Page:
Analysis of Merge Sort

Given that the merge function runs in Θ(n)\Theta(n) time when merging nn elements, how do we get to showing that mergeSort() runs in Θ(nlogn)\Theta(n \log n) time? We start by thinking about the three parts of divide-and-conquer and how to account for their running times. We assume that we're sorting a total of nn elements in the entire array.

The divide step takes constant time, regardless of the subarray size. After all, the divide step just computes the midpoint qq of the indices pp and rr. Recall that in big–Θ\Theta notation, we indicate constant time by Θ(1)\Theta(1).

The conquer step, where we recursively sort two subarrays of approximately n/2n/2 elements each, takes some amount of time, but we'll account for that time when we consider the subproblems.

The combine step merges a total of nn elements, taking Θ(n)\Theta(n) time.

If we think about the divide and combine steps together, the Θ(1)\Theta(1) running time for the divide step is a low-order term when compared with the Θ(n)\Theta(n) running time of the combine step. So let's think of the divide and combine steps together as taking Θ(n)\Theta(n) time. To make things more concrete, let's say that the divide and combine steps together take cncn time for some constant cc.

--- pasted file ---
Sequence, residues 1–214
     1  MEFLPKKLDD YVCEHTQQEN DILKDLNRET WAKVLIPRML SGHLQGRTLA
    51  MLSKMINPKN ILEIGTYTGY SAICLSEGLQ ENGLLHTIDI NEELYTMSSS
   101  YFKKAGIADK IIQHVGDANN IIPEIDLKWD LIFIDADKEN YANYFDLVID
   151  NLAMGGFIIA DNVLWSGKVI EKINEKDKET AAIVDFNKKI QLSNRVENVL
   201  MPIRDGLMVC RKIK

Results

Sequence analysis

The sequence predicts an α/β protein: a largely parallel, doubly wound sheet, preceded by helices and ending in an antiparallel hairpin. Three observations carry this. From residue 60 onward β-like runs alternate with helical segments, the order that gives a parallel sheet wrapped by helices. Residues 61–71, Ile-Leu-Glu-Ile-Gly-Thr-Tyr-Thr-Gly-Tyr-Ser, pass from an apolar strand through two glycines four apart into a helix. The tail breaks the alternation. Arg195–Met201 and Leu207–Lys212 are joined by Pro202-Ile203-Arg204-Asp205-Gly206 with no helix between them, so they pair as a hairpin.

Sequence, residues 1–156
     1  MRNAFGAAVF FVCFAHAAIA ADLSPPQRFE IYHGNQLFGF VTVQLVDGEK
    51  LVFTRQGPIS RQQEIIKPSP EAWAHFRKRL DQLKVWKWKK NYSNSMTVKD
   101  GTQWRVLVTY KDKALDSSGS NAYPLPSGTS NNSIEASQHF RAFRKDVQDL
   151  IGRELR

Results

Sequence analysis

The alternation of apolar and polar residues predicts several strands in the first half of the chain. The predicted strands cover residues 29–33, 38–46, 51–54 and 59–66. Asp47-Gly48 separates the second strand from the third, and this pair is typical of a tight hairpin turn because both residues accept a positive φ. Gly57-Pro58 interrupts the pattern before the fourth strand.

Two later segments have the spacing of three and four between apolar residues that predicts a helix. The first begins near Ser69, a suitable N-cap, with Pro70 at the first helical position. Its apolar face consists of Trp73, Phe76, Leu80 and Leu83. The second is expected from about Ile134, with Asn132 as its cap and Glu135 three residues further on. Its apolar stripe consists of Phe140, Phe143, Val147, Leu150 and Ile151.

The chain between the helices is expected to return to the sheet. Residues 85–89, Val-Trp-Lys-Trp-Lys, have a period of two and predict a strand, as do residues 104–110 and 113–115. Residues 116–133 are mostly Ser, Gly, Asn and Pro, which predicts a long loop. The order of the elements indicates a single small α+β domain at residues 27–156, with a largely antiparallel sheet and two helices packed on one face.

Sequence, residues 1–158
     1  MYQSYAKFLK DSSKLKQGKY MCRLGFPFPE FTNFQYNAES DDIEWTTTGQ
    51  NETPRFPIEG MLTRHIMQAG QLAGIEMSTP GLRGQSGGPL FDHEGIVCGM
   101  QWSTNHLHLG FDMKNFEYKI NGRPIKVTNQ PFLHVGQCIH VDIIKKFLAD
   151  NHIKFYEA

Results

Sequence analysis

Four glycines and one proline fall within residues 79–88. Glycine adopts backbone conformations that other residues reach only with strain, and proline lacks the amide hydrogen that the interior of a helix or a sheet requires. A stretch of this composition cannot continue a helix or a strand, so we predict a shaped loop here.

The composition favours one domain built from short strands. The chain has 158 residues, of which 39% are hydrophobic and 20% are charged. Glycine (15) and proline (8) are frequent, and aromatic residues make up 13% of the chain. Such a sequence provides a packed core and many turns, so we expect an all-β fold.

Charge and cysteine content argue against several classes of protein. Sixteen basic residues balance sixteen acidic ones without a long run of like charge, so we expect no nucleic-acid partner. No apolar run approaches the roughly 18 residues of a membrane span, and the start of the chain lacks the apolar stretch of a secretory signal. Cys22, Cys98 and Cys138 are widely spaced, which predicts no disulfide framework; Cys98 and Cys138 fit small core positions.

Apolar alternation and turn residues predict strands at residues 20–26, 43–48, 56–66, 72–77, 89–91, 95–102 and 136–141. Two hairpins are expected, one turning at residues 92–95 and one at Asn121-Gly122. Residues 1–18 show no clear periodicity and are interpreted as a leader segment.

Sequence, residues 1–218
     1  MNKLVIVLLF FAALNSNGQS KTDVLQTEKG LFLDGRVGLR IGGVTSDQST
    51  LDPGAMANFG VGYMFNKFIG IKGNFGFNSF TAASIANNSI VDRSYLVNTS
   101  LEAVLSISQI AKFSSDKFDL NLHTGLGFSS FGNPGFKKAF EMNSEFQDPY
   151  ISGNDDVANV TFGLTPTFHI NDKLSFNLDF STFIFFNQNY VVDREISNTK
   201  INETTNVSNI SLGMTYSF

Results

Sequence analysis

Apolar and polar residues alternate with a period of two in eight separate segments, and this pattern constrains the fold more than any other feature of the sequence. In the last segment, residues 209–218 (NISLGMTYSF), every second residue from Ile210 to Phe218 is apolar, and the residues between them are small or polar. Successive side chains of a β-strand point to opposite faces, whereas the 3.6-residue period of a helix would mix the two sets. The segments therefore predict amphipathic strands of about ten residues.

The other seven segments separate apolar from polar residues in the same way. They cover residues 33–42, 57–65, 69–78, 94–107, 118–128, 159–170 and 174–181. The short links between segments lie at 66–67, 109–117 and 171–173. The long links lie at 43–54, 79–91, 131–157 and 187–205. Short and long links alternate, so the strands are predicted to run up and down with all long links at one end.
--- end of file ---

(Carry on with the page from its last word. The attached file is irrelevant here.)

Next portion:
To keep things reasonably simple, let's assume that if n>1n \gt 1, then nn is always even, so that when we need to think about n/2n/2, it's an integer. (Accounting for the case in which nn is odd doesn't change the result in terms of big–Θ\Theta notation.) So now we can think of the running time of mergeSort() on an nn–element subarray as being the sum of twice the running time of mergeSort() on an (n/2n/2)-element subarray (for the conquer step) plus cncn (for the divide and combine steps—really for just the merging).

Now we have to figure out the running time of two recursive calls on n/2n/2 elements. Each of these two recursive calls takes twice of the running time of mergeSort() on an (n/4n/4)–element subarray (because we have to halve n/2n/2) plus cn/2cn/2 to merge. We have two subproblems of size n/2n/2, and each takes cn/2cn/2 time to merge, and so the total time we spend merging for subproblems of size n/2n/2 is . cn/2 = cn.

Let's draw out the merging times in a "tree":

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